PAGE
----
Study shows Infant Massage Class Helps Substance-Addicted Mothers

According to a report by the Centers for Disease Control & Prevention (CDC), 18 women die in the U.S. every day from prescription painkiller overdoes, totaling up to more than 6,500 women each year.

The CDC report also states “deaths from prescription painkiller overdose among women have increased more than 400 percent since 1999, compared to 265 percent among men.”

Further, pregnant women and mothers are increasingly turning to painkillers such as opioids; in fact, every 25 minutes an infant is born suffering from opioid withdrawal, according to the National Institute on Drug Abuse.

Recent research indicates infant massage classes could have a positive effect on women struggling with substance abuse.

Parenting Enhancement

A parenting class that included lessons on infant massage resulted in significantly reduced parenting stress, as well as decreased symptoms of depression, among substance-addicted mothers who were actively engaged in outpatient rehabilitation, according to recent research.

The study, “Blended infant massage-parenting enhancing program on recovering substance-abusing mothers’ parenting stress, self-esteem, depression, maternal attachment and mother-infant interaction,” involved 138 substance-addicted mothers engaged in outpatient rehabilitation, along with their infants.

The mother-infant pairs were randomly assigned to either the Infant Massage-Parenting Enhancement Program (IMPEP), the Parenting Enhancement Program (PEP) alone or a control group with standard parenting resources.

Those who were assigned to either the IMPEP or PEP attended a weekly class for four weeks in a row, during weeks two through five of the study. Those in the IMPEP group were taught how to perform infant massage techniques and practiced these techniques under the supervision of a certified practitioner.

There was also time set aside to answer questions on proper child care and to teach the mothers games and songs to stimulate their infants and boost mother-infant communication.

The mother-infant pairs assigned to the PEP group received the same instruction as those in the IMPEP group, minus the focus on infant massage.

Study Outcome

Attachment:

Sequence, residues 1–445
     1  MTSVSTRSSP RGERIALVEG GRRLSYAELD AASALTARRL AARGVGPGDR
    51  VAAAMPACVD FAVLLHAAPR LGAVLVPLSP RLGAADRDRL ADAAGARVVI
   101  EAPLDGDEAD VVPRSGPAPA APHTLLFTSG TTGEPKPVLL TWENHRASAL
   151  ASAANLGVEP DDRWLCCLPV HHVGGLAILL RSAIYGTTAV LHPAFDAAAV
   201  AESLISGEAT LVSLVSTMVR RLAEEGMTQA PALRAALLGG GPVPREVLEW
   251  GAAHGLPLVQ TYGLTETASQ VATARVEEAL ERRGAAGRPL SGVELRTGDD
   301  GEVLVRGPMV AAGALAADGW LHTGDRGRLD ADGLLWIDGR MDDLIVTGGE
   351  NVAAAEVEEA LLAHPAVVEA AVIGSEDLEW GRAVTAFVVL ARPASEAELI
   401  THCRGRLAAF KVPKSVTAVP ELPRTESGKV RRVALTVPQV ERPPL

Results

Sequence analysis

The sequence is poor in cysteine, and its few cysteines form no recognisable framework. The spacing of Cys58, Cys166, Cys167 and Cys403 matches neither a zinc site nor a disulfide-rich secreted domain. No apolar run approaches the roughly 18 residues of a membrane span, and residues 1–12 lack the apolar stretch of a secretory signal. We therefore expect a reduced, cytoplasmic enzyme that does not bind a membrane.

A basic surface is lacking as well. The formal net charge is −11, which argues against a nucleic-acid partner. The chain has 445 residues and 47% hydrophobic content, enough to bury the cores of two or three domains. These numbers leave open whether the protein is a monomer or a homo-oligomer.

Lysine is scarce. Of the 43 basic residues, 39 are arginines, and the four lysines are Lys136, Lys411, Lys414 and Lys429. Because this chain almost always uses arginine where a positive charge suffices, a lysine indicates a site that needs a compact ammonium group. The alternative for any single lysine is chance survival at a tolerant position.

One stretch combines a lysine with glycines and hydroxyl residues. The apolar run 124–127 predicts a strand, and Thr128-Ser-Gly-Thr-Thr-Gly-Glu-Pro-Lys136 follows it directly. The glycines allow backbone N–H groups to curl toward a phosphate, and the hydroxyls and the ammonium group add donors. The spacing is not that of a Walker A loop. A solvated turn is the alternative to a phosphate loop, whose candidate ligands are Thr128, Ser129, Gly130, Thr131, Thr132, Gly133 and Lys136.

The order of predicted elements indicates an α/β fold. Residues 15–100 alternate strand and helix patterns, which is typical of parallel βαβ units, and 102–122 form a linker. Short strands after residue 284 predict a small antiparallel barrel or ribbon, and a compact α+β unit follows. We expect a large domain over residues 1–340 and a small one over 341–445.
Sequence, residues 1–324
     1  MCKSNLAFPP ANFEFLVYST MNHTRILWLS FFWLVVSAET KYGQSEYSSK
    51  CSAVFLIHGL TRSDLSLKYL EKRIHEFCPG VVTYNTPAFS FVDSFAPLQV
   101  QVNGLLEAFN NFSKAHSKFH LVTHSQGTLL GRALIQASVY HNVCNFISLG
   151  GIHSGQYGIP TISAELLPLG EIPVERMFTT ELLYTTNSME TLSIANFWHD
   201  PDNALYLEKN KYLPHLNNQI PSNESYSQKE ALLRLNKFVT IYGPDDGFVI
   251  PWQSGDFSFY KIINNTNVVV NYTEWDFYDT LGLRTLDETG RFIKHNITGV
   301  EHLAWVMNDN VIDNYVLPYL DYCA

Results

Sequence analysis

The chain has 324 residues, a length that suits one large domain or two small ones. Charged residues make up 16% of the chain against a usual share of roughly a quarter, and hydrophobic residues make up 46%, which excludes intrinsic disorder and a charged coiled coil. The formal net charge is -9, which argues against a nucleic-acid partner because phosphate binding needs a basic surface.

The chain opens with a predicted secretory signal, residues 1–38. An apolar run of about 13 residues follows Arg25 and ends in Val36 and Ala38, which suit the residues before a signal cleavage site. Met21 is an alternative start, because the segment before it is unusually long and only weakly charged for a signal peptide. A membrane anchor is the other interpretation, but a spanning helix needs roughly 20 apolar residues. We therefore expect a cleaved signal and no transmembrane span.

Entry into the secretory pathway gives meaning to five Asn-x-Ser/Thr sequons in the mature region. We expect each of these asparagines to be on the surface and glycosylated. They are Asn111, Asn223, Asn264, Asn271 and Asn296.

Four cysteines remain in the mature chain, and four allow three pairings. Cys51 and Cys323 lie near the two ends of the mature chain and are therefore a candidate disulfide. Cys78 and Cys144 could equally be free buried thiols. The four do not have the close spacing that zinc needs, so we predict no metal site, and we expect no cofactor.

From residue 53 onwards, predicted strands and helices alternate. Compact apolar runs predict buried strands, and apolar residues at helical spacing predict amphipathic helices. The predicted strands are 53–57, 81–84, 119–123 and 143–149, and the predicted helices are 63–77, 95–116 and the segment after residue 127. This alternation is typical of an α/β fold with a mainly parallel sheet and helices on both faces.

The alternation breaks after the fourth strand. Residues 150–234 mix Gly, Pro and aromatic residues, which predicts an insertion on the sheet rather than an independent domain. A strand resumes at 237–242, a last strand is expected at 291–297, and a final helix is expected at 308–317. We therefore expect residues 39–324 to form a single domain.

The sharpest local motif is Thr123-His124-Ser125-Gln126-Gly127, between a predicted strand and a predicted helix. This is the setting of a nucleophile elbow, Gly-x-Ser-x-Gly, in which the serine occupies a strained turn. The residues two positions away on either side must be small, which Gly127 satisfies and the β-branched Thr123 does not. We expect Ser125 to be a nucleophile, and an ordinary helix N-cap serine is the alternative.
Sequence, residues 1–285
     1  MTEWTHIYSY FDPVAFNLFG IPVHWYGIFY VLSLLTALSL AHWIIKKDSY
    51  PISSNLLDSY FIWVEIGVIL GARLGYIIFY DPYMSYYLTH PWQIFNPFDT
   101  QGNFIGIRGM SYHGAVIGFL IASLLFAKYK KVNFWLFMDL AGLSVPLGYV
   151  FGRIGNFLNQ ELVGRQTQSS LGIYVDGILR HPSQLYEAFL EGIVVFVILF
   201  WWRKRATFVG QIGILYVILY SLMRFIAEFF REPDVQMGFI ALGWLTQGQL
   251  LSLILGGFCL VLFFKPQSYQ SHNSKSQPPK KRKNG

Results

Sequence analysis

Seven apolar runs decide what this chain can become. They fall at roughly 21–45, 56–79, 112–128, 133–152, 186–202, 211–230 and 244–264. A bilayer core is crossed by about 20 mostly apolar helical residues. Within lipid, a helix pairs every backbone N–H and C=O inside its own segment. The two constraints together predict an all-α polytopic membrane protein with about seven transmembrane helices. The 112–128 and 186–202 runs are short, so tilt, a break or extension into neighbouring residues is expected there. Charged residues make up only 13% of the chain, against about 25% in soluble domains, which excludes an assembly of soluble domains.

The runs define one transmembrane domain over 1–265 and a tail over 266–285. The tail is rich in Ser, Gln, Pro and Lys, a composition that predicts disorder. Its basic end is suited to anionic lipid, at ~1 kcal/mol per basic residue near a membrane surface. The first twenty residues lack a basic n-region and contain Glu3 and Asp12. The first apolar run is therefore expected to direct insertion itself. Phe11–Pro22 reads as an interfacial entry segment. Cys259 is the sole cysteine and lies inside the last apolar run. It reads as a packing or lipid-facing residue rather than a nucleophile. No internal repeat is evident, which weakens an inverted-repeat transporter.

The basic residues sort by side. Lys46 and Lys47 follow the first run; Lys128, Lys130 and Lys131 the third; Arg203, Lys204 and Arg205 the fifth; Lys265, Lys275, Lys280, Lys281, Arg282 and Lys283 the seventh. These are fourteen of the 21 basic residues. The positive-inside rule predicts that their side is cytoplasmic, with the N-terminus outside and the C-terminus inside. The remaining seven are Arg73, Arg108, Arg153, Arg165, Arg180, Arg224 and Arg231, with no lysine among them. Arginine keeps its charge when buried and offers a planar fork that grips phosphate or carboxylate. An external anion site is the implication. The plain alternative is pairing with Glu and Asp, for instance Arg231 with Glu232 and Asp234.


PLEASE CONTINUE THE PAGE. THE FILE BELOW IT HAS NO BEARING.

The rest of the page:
The outcome measures for this study included the Observation Checklist on Maternal-Infant Interaction, along with structured interviews and the following self-administered questionnaires: Abidin Parenting Stress Index, Beck Depression Inventory, Rosenberg Self-Esteem Scale and Muller’s Maternal Attachment Inventory.

These assessments were made during week one of the study, prior to the start of the IMPEP and PEP classes. The same evaluations took place during week six, which was the week after the classes had ended; the assessments were made once more at week 12.

Infant Massage Decreases Stress

Results of the research revealed that the mothers in both the IMPEP and PEP groups experienced significant decreases in parenting stress, as well as decreased symptoms of depression compared to the control group at week 12.

However, only the mothers in the IMPEP group experienced improvements in both the psychological and physical measures of parenting stress.

Related article: “[The Opioid Epidemic] This is How Massage Might Provide Relief from the Despair of Drug Abuse.”

The study’s authors were Luz S. Porter, Brian O. Porter, Virginia McCoy, Vivian Bango-Sanchez, Bonnie Kissel, Marjorie Williams and Sachin Nunnewar. Sources: College of Nursing and Health Sciences, Department of Health Promotion and Disease Prevention, Infant Massage-Parenting Enhancement Program, Robert Stemple School of Public Health, Florida International University; Infant Massage-Parenting Enhancement Program, University of Miami; Memorial Regional Hospital; AIDS Healthcare Foundation.

This study was originally published in December 2015 in Asian Nursing Research, 9(4), 318-327.

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